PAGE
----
Report Nº: 87205/08/2020
The major distorting factor of Argentine fiscal federalism is the tax coparticipation. It must be eliminated, and taxation powers must be shared between the federal level and the provinces according to their responsibilities. This arrangement would make a better contribution to the good management of the public sector.
In the parliamentary discussion on the extension of the national budget, the representatives of the interior’s provinces raised their objections to the transport subsidies received by the Metropolitan Area of Buenos Aires (AMBA) from the national government. The federal interference in a local issue, such as urban and interurban transport, was not questioned. The claim was for the arbitrary distribution of the funds. The conflict was settled by establishing that the national state would allocate $9.5 billion this year to subsidize also the public transport service in the interior of the country.
The theory of fiscal federalism suggests that good organizational practice allocates taxing powers among jurisdictions in line with their responsibilities. In this way, citizens can identify what services they are receiving for the taxes they pay and which jurisdiction must be accountable for the quality of those services. This accountability is the basis for the fiscal organization of developed federal countries, such as the United States.
How is federalism structured in Argentina? According to data from the Ministry of the Economy for 2019, the total tax burden was 28.5% of GDP. This tax pressure was generated and distributed as follows:
These data show that the federal level collects most of the taxes (82%) and keeps a high proportion of them (67%). On the other side, the provinces collect a smaller share (18% of the total). Since the provinces provide most public sector services, there is a considerable imbalance. Automatic transfers cover this imbalance through co-participation (on average, it gives 62% of the provinces’ resources), federal discretionary transfers, and national government spending on functions that belong to the local governments.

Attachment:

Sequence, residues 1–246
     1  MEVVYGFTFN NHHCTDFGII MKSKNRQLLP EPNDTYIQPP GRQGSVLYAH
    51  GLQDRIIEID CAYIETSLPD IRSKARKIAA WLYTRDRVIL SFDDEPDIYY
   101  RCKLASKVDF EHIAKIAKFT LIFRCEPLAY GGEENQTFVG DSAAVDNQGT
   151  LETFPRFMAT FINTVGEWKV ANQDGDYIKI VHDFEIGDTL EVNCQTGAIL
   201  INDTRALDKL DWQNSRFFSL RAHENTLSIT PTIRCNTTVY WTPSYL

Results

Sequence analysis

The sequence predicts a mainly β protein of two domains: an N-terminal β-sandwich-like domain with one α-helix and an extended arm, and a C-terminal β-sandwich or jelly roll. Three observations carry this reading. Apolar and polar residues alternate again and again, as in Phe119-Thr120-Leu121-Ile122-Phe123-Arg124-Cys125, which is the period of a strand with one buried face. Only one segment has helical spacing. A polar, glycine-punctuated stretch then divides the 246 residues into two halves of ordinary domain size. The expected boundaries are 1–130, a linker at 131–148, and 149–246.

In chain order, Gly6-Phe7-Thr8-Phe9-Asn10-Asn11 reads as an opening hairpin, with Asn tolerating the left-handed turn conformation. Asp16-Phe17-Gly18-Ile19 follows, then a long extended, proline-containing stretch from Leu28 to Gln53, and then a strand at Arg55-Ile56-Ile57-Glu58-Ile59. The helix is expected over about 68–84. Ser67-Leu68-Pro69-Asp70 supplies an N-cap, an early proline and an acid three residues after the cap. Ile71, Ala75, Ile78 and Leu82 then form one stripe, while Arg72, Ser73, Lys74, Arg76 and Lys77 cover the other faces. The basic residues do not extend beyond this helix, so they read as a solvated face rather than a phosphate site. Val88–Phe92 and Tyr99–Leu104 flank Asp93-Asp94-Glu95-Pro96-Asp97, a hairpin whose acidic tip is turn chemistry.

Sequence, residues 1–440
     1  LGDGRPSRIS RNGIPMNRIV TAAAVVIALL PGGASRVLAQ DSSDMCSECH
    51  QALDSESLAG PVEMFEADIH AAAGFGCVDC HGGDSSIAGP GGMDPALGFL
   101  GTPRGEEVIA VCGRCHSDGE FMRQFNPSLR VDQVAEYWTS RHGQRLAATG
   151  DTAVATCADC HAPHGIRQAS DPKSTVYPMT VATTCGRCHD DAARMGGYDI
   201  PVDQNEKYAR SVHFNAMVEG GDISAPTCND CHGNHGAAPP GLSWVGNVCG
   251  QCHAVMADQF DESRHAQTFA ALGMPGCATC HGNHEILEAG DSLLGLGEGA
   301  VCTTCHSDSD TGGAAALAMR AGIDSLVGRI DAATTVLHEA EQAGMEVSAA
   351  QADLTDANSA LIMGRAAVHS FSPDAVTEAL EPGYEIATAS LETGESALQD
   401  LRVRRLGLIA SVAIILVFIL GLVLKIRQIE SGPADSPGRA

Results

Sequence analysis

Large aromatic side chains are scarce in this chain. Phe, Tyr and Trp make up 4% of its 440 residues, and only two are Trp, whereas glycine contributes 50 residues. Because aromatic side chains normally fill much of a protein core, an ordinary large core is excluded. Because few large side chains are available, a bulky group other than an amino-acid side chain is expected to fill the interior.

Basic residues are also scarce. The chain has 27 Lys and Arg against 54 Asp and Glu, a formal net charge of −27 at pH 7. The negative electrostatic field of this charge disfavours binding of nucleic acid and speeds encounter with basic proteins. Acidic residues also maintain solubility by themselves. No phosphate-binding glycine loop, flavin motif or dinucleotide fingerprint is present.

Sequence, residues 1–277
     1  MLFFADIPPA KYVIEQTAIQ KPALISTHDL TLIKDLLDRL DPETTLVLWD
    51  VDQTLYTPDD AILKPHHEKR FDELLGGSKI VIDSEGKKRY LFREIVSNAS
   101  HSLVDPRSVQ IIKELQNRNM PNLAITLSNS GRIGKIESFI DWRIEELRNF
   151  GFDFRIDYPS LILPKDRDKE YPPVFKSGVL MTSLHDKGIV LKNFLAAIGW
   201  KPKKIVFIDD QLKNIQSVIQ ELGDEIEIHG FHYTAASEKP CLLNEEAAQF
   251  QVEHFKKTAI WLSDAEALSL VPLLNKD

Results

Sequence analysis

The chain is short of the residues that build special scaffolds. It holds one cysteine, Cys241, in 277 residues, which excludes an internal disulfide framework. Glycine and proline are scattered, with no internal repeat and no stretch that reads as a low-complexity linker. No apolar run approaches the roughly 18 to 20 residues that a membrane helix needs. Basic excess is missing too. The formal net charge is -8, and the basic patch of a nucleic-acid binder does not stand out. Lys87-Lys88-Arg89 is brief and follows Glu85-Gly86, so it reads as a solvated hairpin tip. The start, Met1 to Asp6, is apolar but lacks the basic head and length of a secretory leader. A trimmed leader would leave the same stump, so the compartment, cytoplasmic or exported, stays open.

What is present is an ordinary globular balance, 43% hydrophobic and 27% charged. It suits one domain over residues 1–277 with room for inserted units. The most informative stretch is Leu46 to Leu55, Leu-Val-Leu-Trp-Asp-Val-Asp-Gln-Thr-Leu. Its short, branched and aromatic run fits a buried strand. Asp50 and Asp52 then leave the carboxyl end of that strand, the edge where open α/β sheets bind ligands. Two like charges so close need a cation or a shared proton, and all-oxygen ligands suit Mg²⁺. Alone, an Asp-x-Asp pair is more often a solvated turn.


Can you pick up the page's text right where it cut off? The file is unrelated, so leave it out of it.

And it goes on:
The scheme embodies very perverse incentives, which are among the main factors explaining Argentina’s decline. Provincial leaders are not induced to develop their province’s competitiveness to generate a sustainable fiscal resource base. Actually, the province that prospers increases the federal and the rest of the provinces’ tax revenues. In other words, the incentive is not to increase tax revenue but to plunder it.
The distribution of resources through co-participation is arbitrary and unfair, but at least it is automatic. The federal discretionary transfers and the expenditures made on services under the provinces’ responsibilities have a worse effect. In 2019, subsidies for energy and transport represented 1.6% of GDP and transfers to provinces from national programs (health, education, social development, security, environment, housing, and urban development) another 0.8% of GDP. These transfers, which are now much higher than last year, are more harmful than co-participation. National officials are irresistibly tempted to use them as a tool to bend the political will of local politicians in the interior of the country. Meanwhile, provincial governors find it easier to beg for crumbs from the federal power instead of managing the services it should provide to the people properly.
The current tax redistribution scheme discourages effort, creativity, and innovation. Instead, it rewards mediocrity. The problem will not be solved by reforming co-participation. Much more conducive is to eliminate it and to devolve each province taxing powers for self-financing. For the Northern regions, which may not be self-financing because of their development lag, a convergence fund could fill the financing gap and encourage their development acceleration.